Attack of Muslim rohingyas rebels in Burma: 89 dead
A street in Maungdaw, Rakhine State, where residents were asked by the authorities to stay at home on 25 August 2017
At least 89 people including 12 members of the security forces died Friday in western Burma after attacks by Muslim rohingyas against several border posts, violence unprecedented for months, according to the Burmese authorities.
A previous report released by the Nobel Peace Prize winning government Aung San Suu Kyi reported 12 members of the security forces and 59 “terrorists” Rohingyas killed. The number of rebels killed has now risen to 77.
“Military and police are fighting together against Bengali terrorists,” Army chief General Aung Hlaing said on his Facebook page earlier.
The Rohingyas are considered immigrants from neighboring Bangladesh and are referred to as “bengalis”, the term “rohingya” being taboo in Burma, a Buddhist majority country marked by the influence of radical monks who denounce Muslims as a threat.
It is the most deadly episode of violence in the region, the Rakhine State, which has been marked by strong tensions between Muslims and Buddhists.
There are tens of thousands of Rohingyas, a Muslim minority suffering severe discrimination in Burma, without access to hospitals, schools or the labor market.
More than 20 police stations were attacked by some 150 rohingyas rebels early Friday, the civilian government of Aung San Suu Kyi announced before the army.
– The fighting continues –
The Burmese army chief stressed that “fighting continued” on Friday in the border region of Bangladesh, especially around the police stations in the villages of Kyar Gaung Taung and Nat Chaung.
Weapons were stolen in several police stations by the attackers, equipped with daggers and other blunt objects, he said.
The procedure resembles that of a previous series of deadly attacks against border posts in October 2016.
Several police stations attacked on Friday at the border with Bangladesh remained surrounded on Friday, police sources told AFP.
“The situation is complicated … The soldiers arrive” in reinforcement, a police officer of Buthidaung testified Friday morning, not far from the area most affected.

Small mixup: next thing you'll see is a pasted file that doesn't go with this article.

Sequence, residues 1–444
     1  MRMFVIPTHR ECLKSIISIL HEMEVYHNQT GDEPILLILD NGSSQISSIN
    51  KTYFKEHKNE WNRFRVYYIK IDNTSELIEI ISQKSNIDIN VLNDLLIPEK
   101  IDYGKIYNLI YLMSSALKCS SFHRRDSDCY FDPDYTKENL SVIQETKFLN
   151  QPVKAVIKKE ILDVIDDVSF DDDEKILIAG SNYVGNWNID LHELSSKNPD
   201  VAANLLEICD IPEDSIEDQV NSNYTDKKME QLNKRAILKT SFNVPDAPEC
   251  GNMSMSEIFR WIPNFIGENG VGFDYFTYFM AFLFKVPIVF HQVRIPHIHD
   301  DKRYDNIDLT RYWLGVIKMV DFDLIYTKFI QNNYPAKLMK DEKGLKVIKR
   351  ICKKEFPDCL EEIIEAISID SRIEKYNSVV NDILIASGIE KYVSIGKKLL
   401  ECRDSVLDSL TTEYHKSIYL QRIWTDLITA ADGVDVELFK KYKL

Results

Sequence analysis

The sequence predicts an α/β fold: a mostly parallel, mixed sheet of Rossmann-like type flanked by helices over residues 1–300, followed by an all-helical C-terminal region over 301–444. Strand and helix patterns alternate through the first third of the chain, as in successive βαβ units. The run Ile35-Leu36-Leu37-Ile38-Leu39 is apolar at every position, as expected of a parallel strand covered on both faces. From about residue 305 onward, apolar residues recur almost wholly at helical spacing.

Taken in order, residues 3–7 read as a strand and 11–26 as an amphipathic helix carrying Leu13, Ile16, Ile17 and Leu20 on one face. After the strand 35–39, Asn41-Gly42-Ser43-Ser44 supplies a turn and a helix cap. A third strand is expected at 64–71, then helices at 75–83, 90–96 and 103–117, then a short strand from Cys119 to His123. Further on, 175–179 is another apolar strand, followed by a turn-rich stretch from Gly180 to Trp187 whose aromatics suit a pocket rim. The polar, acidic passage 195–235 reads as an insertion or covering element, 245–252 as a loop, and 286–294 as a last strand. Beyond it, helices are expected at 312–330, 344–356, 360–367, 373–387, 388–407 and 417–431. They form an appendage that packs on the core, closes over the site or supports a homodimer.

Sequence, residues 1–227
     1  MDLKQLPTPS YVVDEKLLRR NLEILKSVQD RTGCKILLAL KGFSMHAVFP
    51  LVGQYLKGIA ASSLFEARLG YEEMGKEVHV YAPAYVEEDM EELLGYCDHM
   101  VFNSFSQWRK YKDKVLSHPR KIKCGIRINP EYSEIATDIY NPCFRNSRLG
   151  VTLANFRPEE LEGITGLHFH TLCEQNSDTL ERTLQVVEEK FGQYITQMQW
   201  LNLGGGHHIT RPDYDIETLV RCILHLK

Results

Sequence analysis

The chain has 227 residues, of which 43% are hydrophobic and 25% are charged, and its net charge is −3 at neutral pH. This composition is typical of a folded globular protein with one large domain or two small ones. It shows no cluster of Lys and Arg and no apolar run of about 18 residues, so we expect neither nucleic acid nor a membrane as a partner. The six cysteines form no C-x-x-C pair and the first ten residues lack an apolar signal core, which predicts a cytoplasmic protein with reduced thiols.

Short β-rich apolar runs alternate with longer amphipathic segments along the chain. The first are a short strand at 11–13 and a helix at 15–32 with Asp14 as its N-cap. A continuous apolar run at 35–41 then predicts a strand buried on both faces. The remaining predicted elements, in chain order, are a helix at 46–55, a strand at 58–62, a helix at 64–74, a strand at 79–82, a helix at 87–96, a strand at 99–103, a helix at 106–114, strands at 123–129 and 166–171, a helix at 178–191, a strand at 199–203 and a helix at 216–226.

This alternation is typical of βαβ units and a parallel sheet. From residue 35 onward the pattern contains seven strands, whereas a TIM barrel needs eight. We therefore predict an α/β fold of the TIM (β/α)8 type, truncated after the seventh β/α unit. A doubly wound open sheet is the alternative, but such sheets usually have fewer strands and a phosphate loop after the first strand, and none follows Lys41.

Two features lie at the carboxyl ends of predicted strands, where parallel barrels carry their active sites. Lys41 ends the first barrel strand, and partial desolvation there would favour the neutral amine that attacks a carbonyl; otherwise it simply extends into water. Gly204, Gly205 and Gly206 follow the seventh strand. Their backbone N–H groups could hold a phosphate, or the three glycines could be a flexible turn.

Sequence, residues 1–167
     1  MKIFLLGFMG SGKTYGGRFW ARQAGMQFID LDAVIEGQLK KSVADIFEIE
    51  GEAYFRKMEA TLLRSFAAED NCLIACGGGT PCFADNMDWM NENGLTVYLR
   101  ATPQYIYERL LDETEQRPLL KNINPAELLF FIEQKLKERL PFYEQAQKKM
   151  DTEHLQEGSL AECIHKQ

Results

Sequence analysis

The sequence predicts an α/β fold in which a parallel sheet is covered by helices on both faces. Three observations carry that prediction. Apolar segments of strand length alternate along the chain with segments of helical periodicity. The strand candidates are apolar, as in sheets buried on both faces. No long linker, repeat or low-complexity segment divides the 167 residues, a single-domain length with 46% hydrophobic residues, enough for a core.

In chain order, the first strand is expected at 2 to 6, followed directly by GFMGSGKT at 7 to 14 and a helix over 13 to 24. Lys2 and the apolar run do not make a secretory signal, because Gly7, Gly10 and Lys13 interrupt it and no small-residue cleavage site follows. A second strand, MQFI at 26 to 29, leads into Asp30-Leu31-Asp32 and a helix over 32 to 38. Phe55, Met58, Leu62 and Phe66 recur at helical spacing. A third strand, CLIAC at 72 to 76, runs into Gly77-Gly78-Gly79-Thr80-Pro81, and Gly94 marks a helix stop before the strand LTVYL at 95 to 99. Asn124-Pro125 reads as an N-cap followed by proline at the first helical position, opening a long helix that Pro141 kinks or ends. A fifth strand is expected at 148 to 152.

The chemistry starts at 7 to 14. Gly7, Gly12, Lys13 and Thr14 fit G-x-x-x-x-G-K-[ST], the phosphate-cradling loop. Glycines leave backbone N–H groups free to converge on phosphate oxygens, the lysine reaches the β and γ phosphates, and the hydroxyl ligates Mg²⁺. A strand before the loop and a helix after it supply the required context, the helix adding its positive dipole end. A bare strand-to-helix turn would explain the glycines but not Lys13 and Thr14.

The Burmese government on Friday said “the coincidence of these attacks with the publication of the final report of the commission” headed by former UN Secretary General Kofi Annan on the situation in the Rakhine State.
The commission called on Burma Thursday to give more rights to its Muslim minority of the Rohingyas, especially of movement, failing which it risked “radicalization”.
Kofi Annan reacted to Friday’s attacks, “worrying escalation in violence”. He called on the security forces to “restrain” their handling of the crisis.
The last major deadly attacks on police stations in the autumn of 2016 were followed by a hardening of the army’s actions in the region, with village fires and massive Rohingyas flight to neighboring Bangladesh. They had given accounts of atrocities committed by the army.
Amnesty International was concerned about the possible consequences of the attacks on Friday, including the response of the security forces.
“This should not lead to the repetition of the army’s cruel retaliation for a similar attack last year when the security forces tortured, killed and raped Rohingyas and burned entire villages,” said Josef Benedict, Deputy director of Amnesty International’s regional office.
The nebula of the rohingyas groups involved in the violence is not very clear. A group, the Arakan Rohingya Salvation Army (ARSA), is carrying out the insurrection from the mountains of the May Yu area in northern Rakhine State.
The situation is particularly difficult for the 120,000 Muslims living in displaced persons’ camps in Rakhine State, from where they can only emerge by dropper, on pass.